The Visit Michael Madsen
Published Apr 27, 2015When we think about the possibility of aliens coming to Earth from outer space, we rarely spend too much time considering the logistics of a peaceful meeting. But in The Visit, we're treated to a rough outline of how the interaction would be handled, including the crucial role of the United Nations Office of Outer Space Affairs. It's a ponderous, hypnotic but ultimately redundant examination of all the questions we would have for our guests should they ever arrive.
As we scour the endless sky using steadily evolving equipment and send communications like the introductory message aboard the Voyager probe that's only recently reached interstellar space, there's never been a better chance of contacting life beyond ours. Accordingly, the scientists and experts interviewed here approach the proposition with a great deal of curiosity and logic as they ponder what extraterrestrials might be like. They pose questions of a hypothetical alien such as, "How do you think?" and "Do you know what is good and what is evil?" that can only go unanswered.
More of a discussion than the simulation the documentary claims to be (except for a man who goes into perhaps too much imaginative detail about what being the first person to board a alien spacecraft might be like), we're privy to how a press release might be worded to best avoid panic from the public and a lawyer's speculation on new laws that might have to be drafted in order for humans and aliens to live together harmoniously.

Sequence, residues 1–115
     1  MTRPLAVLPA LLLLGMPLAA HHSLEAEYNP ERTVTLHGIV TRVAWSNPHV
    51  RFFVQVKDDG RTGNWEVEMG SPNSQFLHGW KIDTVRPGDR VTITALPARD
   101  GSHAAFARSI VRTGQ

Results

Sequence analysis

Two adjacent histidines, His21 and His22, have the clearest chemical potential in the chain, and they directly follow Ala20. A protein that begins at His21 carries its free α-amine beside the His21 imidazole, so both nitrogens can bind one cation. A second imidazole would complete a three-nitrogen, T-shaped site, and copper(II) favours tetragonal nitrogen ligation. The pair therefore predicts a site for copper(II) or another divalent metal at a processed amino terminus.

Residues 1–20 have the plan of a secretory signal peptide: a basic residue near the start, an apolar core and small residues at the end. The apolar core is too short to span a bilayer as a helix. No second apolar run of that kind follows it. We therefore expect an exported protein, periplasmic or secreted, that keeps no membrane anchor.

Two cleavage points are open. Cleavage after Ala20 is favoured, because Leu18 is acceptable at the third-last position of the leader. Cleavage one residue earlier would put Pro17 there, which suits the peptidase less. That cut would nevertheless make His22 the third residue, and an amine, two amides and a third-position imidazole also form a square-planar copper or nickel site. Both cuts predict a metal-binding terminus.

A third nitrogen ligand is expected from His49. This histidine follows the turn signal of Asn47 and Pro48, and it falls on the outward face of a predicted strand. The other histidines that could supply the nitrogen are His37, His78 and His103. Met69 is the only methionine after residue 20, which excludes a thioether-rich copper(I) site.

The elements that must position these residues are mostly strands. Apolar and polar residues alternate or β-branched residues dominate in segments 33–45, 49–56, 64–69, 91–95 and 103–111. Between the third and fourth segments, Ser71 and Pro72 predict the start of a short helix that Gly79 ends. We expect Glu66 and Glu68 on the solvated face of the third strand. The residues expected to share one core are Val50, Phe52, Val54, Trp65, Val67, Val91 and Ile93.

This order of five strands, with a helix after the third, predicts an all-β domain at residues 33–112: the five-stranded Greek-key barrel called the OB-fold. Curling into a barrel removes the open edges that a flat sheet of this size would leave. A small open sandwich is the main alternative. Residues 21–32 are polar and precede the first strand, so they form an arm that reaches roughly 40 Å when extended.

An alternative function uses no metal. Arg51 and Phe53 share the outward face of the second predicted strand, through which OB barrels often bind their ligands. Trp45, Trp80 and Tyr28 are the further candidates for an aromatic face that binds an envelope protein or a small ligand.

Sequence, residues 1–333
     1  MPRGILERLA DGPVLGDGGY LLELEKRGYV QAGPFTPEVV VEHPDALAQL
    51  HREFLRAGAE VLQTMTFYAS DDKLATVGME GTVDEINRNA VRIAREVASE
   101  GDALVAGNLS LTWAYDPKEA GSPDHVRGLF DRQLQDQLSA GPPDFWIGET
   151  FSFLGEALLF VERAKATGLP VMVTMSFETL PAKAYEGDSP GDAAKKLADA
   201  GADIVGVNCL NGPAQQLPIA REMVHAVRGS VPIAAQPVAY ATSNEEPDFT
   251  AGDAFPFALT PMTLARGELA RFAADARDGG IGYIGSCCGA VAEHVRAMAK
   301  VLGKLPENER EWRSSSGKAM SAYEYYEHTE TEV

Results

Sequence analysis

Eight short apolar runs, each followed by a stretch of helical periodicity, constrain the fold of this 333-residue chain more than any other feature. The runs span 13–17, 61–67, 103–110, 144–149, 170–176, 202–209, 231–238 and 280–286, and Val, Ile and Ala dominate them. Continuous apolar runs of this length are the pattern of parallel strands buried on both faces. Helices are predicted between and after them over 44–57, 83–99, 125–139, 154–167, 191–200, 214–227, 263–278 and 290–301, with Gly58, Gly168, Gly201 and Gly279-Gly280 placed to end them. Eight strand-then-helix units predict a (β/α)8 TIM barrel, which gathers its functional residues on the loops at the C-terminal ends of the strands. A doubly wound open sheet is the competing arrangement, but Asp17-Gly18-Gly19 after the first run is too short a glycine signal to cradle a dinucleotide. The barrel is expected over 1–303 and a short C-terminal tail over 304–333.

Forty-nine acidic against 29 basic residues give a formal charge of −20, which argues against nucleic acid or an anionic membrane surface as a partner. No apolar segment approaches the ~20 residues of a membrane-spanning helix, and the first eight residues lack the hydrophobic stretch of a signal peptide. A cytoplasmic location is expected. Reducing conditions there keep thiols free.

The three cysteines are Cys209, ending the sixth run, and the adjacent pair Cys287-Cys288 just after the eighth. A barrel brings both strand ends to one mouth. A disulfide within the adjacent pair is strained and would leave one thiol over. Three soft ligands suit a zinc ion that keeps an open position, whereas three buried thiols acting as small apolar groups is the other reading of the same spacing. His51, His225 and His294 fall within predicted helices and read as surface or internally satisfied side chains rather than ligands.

While it's admittedly fascinating to hear these weighty matters parsed over by some of the most preeminent minds of their respective fields, it becomes increasingly clear that even they have little idea of what to really expect, given all of the variables. The film habitually devolves into a monotonous collage of well-composed slow-motion crowd shots and landscapes with the kind of existential voice-over that might be found in a Terrence Malick film.
When the documentary closes by building a case for how potentially co-existing with another species might not go so well given the history of humans, it paints a grim picture of why aliens might not be quite as glad too see us as we are to see them. After all, there's a reason why they chose not to include any of the more negative aspects of life on Earth — like war, for instance — in the Voyager probe. These are things you might not want to initially bring up when trying to make new friends.